Fall Colors Bring Cheer


Though the October 24, 2022, sky was overcast, fall’s colors cheered 22 enthusiasts on a walk led by Margaret Chatham and Alan Ford with the Potowmack Chapter of the Virginia Native Plant Society.

Photos by Glenda Booth and Bob Veltkamp

margaret_chatham_fall_colors_walk-GB.jpg   linden viburnum berries BV
Margaret Chathan described the features
of linden viburnum (Viburnum dilatatum) leaves.

 Linden viburnum berries

Alan Ford fall colors walk GB
Alan Ford is President of the Potowmack Chapter of the Virginia Native Plant Society

“The colors of fall leaves depend on how much sun the leaves get during the season,” explained Chatham. “If a plant is in full sun, it is likely to turn red; in shadier areas, yellow.”  Good examples are the star-shaped sweetgum tree’s leaves which can be yellow, red or purplish.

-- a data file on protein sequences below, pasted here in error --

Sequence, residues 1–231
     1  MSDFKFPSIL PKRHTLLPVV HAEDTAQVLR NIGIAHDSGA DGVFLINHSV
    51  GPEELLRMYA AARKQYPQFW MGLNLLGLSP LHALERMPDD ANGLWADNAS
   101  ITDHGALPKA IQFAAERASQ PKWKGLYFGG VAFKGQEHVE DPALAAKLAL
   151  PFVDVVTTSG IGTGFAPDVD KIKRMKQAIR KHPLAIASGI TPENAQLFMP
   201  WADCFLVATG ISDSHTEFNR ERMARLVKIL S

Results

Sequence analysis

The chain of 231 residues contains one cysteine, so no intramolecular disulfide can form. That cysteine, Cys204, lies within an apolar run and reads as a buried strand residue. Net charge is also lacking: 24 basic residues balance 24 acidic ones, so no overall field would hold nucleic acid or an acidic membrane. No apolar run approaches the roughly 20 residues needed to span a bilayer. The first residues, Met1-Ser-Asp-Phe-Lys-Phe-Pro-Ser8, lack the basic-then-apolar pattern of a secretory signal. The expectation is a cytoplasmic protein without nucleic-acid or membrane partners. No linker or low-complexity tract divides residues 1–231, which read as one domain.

sweetgum leaves 1 GB   sweetgum leaves 2 GB
Sweetgum tree leaves (Liquidamber styraciflua)

Reds were prominent, like the smooth sumac’s (Rhus glabra) leaves and conically-shaped, pointed drupes or fruits and Virginia creeper vines (Parthenocissus quinquefolia).

smooth sumac leaves BV   smooth sumac fruit GB
Smooth sumac (Rhus glabra
virginia creeper BV
Virginia creeper (Parthenocissus quinquefolia)
poison ivy GB
Poison ivy (Toxicodendron radicals) provided a slightly more orange hue.
leaf cutter bees on redbud GB
Leaf-cutter bees (Dianthidium spp.) had munched on this redbud tree’s (Cercis canadenisis) leaves.
bee visiting panicled asters BV
Bees were visiting the panicled asters (Symphyotrichum lanceolatum).
sneezeweed BV
Alan Ford explained that the name for sneezeweed (Helenium autumnale) is based on the former use of its dried leaves in making snuff. Snuff was inhaled to cause sneezing that would supposedly rid the body of evil spirits.
New York ironweed BV
New York ironweed (Vernonia noveboracensis)
juvenile eastern ratsnake GB
As the group headed out, a juvenile Eastern ratsnake (Pantherophis alleghaniensis) slithered across the trail.


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